HARBIN, China (Reuters) – For more than 300 “ice miners” in Harbin, work begins in the numbing cold before dawn every day on the frozen Songhua, a broad river that winds its way through the northeastern Chinese city.
Wielding long ice picks, the workers break up the frozen surface of the kilometre-wide river into crate-sized blocks of ice.
Many of them construction labourers or farmers, they wear knee-high rubber boots, down jackets, thick gloves and hats with flaps to protect their ears from the frigid air.
(Click https://reut.rs/3hbY1FS to see a picture package of ice mining in Harbin.)
“We come to mine ice at 6 a.m. every day,” said Zhang Wei, 40. “We need to work overtime sometimes, until 8 or 9 p.m., even late after midnight.”
Lunch is brief – a bowl of piping-hot noodles, dumplings or steamed buns. Makeshift canteens built with wooden poles and see-through sheets offer a little warmth.
Every day since early December, tens of thousands of ice blocks have been prised out of the river and moved by truck to the venue of Harbin’s annual winter festival, where they are used to build life-sized castles, pagodas, bridges and even a functioning hotpot restaurant.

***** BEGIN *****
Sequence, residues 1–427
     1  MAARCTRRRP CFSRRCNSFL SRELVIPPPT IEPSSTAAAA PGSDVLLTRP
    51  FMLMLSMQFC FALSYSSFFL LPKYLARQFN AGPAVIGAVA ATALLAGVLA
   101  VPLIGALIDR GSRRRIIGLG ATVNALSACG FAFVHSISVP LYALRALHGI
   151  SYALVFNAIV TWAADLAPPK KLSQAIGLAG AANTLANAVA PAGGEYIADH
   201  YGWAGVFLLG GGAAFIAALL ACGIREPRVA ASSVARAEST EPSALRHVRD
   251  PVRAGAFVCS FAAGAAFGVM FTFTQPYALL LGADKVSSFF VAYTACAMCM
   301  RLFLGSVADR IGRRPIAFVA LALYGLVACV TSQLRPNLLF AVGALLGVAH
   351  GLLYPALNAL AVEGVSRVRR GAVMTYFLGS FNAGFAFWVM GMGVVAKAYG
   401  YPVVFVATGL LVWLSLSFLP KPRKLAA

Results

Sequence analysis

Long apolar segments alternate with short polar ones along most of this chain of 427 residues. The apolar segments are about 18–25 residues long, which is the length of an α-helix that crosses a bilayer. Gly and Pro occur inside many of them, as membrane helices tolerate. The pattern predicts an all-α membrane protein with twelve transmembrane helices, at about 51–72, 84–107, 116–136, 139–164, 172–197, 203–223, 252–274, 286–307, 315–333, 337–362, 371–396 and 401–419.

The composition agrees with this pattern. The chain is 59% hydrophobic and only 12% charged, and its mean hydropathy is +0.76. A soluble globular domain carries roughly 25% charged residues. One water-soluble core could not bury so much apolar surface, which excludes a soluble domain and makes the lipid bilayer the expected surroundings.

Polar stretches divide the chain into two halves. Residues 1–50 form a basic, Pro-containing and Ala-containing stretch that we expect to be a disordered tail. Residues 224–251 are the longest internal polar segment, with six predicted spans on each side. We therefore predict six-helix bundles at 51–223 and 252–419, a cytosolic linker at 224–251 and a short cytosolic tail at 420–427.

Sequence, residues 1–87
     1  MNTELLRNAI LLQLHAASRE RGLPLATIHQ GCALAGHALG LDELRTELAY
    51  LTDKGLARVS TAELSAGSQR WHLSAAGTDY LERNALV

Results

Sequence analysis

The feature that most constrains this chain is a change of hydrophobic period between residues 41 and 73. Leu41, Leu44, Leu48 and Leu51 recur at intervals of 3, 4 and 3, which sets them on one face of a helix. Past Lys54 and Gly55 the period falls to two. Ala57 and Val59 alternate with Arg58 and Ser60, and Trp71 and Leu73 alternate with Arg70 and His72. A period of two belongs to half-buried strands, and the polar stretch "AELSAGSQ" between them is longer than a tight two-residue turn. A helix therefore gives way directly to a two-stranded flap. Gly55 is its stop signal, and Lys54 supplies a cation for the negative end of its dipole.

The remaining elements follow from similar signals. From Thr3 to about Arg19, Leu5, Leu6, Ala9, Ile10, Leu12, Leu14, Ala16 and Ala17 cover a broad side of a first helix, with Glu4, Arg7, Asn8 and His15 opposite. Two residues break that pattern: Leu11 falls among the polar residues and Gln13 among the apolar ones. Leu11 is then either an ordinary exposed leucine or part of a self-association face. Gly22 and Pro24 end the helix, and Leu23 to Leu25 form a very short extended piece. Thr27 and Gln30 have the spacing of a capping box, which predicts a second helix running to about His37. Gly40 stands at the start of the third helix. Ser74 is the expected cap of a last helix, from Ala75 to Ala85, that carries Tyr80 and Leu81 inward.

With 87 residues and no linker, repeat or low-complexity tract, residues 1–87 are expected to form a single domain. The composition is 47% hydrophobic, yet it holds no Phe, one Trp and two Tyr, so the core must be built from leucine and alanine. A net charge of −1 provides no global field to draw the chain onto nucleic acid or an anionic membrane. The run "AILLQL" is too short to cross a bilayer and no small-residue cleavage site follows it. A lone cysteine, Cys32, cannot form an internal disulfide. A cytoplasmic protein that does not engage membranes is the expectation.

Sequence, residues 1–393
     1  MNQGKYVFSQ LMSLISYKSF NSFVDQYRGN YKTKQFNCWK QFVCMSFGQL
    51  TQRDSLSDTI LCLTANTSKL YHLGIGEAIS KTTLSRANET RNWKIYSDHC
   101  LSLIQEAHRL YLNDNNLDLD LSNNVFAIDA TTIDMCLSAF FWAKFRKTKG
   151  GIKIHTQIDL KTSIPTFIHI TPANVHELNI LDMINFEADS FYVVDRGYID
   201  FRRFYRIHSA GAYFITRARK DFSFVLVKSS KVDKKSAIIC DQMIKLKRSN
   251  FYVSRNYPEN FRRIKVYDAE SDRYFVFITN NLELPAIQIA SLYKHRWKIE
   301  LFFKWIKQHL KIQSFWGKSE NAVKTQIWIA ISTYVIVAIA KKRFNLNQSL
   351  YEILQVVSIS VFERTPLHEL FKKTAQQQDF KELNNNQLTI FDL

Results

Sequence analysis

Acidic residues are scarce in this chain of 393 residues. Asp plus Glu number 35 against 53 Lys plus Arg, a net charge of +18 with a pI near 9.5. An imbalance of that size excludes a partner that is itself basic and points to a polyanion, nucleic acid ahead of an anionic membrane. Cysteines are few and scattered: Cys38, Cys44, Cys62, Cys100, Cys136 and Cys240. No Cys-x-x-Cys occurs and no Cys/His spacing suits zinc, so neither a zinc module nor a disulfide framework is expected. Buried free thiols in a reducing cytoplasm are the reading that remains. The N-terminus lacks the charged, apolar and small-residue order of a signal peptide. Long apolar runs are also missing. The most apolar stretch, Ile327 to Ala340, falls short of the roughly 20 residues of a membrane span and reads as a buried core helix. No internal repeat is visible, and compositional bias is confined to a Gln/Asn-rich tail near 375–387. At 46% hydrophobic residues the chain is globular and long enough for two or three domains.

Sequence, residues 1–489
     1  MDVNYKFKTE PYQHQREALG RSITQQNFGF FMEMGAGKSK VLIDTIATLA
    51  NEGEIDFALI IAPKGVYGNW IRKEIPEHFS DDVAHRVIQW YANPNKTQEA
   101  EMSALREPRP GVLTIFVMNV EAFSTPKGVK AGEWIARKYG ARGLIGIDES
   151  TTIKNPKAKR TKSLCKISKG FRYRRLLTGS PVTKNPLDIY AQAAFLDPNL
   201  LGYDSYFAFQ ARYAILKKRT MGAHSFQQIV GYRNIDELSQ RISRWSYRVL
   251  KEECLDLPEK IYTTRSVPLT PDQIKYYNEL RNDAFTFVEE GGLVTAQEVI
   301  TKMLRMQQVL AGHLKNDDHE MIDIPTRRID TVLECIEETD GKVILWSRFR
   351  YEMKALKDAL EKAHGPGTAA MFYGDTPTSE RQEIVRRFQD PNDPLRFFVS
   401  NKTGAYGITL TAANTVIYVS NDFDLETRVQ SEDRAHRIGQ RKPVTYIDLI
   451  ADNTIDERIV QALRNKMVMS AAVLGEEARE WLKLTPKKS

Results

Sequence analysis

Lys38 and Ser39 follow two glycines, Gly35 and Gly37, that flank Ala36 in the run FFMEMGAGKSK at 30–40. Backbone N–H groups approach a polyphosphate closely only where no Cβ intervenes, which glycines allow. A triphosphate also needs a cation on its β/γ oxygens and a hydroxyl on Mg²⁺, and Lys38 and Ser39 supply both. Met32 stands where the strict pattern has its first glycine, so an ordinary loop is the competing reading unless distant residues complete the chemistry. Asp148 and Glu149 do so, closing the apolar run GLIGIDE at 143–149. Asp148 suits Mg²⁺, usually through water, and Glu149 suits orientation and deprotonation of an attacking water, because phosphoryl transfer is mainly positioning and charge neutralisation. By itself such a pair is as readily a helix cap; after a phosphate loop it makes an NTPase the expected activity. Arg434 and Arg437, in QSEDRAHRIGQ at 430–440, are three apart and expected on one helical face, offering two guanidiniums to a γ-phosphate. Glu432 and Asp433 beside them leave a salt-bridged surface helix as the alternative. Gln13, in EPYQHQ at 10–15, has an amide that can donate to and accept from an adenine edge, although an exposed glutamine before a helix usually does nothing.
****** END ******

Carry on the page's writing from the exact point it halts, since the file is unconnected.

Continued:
Ice from the river is essential.
“Artificial ice isn’t that thick, and isn’t strong enough to stand in the wind,” said Wang Qiusheng, who has been carving ice for the festival for 20 years.
Organisers are racing to complete the sculptures at the festival venue – a busy scene of forklifts, cranes and scaffolding.
The ice blocks are painstakingly laid on top of one another while workers shape, trim and cut them to size with chainsaws, pickle forks and tooth chisels.
The 37th Harbin International Ice Snow Festival is due to begin on Jan. 5, and will feature skiing, sledding, mass weddings, winter swimming and a theme park of ice sculptures bathed by coloured lights.
With China’s international borders heavily restricted due to the coronavirus pandemic, domestic tourists are expected to account for the bulk of visitors marvelling at the ice sculptures next month in temperatures below minus 35 Celsius (minus 31 Fahrenheit).
(Reporting by Carlos Garcia and Xihao Jiang; Writing by Ryan Woo; Editing by Karishma Singh)